John Lewis trials transactional tablets and debuts on Google Street View

John Lewis has announced a range of shopping technologies it will be trialling over the Christmas period

John Lewis has announced a range of shopping technologies it will be trialling over the Christmas period.

The retailer will be trialling transactional tablets in its Cheadle, Brent Cross and Peter Jones stores. These tablets will allow staff to process payments for customers, allowing them to skip the queues.

The tablets will be linked to the shop’s Epos till system, and will be able to print a receipt from a mobile printer for customers at the point of sale. John Lewis said it is the first retailer in the UK to have this functionality integrated with its Epos system.

“We intend to keep investing and innovating in our shops so that they remain compelling and hassle-free places for customers, offering multiple reasons to visit them," said Simon Russell, director of retail operations development at John Lewis. 

"Partly, this will see us use an increasing amount of technology to make shopping easier and offer more in-shop help,” he added.

Virtual shopping on Google Street View

The retailer has also announced that its Oxford Street store in London is the first department store in the world to be mapped out fully by Google Street View, allowing customers to navigate the store and virtually browse the aisles.

If successful, the virtual tour, which was designed by Ideal Insight, could be rolled out to other branches in the next two years.

And finally, the retailer has implemented mobile phone charging stations in its Peter Jones and Watford stores.

The ChargeBoxes, which are in the final development stage of a trial with the retailer, provide customers with 30 minutes of power for mobiles, tablets and other devices for free. Customers can choose the correct cable to charge their device and lock it away inside a unit while they shop. If successful, ChargeBox will be installed in other John Lewis stores next summer.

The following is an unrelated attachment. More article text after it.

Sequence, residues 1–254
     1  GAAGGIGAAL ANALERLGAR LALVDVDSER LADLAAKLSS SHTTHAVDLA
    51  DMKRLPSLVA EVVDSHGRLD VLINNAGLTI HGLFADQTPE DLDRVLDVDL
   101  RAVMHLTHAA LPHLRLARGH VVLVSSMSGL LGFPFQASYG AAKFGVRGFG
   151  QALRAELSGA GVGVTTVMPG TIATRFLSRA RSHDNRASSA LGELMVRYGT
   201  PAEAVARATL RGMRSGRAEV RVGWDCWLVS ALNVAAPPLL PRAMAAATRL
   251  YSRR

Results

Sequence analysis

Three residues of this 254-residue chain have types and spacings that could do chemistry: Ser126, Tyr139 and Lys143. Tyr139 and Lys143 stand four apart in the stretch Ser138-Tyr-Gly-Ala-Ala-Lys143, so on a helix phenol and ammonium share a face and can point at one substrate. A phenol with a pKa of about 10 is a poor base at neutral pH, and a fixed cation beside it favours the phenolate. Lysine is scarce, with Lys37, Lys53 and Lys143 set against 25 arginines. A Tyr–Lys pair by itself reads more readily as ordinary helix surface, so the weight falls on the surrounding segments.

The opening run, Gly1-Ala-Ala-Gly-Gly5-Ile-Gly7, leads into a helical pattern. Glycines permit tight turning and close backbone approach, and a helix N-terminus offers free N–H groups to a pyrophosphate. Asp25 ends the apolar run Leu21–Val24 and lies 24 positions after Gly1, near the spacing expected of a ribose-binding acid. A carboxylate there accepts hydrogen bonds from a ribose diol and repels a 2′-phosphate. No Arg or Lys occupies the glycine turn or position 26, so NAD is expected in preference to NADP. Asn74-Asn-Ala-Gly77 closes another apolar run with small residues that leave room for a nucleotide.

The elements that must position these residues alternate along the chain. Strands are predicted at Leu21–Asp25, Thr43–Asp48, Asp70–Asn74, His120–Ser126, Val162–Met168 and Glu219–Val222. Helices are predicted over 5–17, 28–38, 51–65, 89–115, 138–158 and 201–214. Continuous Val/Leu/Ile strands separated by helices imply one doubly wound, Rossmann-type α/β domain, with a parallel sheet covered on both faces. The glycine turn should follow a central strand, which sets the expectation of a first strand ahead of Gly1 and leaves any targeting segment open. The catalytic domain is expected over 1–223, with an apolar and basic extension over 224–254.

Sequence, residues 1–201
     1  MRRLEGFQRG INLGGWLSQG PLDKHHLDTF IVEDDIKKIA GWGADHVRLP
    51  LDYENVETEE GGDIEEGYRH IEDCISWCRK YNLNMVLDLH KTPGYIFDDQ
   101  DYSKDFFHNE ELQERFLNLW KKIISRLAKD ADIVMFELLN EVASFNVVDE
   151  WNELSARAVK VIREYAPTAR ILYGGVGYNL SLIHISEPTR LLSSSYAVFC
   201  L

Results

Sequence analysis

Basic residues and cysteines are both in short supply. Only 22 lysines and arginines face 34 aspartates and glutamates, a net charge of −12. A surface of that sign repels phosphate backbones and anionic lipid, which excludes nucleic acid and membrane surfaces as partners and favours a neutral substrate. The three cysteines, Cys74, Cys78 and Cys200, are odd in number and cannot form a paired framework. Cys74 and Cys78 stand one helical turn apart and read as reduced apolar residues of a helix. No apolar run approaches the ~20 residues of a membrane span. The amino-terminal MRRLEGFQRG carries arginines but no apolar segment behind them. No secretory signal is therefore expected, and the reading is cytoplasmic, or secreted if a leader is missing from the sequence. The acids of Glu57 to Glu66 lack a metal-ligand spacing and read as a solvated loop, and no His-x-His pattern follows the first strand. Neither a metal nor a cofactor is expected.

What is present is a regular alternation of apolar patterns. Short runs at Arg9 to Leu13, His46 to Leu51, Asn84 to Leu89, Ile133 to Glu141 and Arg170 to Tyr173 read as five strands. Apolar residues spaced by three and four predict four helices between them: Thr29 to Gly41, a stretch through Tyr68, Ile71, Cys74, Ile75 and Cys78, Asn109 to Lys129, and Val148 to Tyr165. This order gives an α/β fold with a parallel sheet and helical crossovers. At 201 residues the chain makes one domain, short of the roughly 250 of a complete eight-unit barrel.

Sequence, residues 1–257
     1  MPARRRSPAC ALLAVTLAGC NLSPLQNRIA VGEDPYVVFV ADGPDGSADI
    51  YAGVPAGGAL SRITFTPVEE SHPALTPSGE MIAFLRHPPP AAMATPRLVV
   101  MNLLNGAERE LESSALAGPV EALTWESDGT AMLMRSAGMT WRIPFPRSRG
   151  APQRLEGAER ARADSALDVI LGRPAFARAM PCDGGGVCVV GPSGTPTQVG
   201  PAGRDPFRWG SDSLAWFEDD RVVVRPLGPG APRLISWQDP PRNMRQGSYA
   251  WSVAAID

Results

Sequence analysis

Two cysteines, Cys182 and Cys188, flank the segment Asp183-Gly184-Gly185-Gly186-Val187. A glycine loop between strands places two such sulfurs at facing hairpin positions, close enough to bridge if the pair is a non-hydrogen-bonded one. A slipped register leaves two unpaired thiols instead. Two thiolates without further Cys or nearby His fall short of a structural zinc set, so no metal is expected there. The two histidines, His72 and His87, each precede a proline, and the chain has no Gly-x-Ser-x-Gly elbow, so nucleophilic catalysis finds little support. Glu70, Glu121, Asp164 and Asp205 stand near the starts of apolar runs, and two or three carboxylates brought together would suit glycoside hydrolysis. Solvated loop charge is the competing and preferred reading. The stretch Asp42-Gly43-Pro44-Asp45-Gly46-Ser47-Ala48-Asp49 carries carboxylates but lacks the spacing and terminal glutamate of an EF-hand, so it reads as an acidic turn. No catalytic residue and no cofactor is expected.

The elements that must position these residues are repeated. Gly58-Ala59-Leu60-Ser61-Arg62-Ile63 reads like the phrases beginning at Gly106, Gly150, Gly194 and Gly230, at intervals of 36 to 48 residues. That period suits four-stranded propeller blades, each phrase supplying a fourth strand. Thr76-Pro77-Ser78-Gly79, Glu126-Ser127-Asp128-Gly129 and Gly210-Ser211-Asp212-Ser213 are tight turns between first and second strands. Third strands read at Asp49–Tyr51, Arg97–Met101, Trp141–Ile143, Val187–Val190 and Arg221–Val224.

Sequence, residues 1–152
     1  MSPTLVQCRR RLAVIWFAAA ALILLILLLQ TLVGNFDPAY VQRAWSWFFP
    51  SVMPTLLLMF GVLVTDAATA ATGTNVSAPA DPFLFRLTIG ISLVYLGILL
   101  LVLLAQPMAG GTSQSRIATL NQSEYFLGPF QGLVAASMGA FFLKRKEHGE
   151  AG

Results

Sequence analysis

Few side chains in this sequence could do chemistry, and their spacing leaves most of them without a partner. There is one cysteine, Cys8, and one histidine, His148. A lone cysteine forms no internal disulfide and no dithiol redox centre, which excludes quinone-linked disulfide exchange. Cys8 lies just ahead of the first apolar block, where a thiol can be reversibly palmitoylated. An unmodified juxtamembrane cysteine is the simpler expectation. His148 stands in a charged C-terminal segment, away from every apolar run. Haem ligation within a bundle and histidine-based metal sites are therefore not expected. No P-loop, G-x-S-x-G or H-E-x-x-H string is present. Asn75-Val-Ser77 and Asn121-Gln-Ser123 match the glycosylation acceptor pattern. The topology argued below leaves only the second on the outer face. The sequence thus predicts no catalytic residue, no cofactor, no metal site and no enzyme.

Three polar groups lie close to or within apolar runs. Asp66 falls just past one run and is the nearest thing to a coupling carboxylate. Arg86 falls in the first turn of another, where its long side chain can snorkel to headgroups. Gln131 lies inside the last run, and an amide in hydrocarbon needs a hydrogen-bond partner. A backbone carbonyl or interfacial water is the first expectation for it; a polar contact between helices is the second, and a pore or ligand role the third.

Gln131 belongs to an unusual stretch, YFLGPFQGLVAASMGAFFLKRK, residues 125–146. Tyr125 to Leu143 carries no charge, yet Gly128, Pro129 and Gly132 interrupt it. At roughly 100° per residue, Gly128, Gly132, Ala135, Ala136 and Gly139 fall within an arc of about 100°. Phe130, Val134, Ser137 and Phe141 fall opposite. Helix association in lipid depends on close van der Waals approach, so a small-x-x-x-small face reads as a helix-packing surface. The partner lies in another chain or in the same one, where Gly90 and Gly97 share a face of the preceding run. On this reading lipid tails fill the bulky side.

IT glitch at Waitrose

But yesterday, IT problems hit the John Lewis Partnership, which also operates Waitrose supermarkets. Around 400 Waitrose customers were affected by an IT glitch which forced the supermarket to cancel its online deliveries. The 'technical problem' prevented orders from being gathered for some online deliveries. The supermarket now says orders are being processes as normal. 

Silver surfers embrace online shopping

While John Lewis is continuing to improve its in-store shopping experience for customers, research from Kalixa Group has found that 58% of 66-88-year-olds now shop online, which is only one percentage point less than the national average.

In addition, 34.5% of these silver surfers are confident in the security of shopping online, which is 5.5 percentage points higher than the national average of 29%.

Ed Chandler, CEO of Kalixa Group, which enables merchants to make and accept payments, said: “It’s important that retailers grasp what this means. Armed with this knowledge about the silver surfers, I’d expect retailers targeting older generations to make sure browsing and buying online is optimised. If they don’t, they are missing out on engaging with one of the most net-savvy demographics.”

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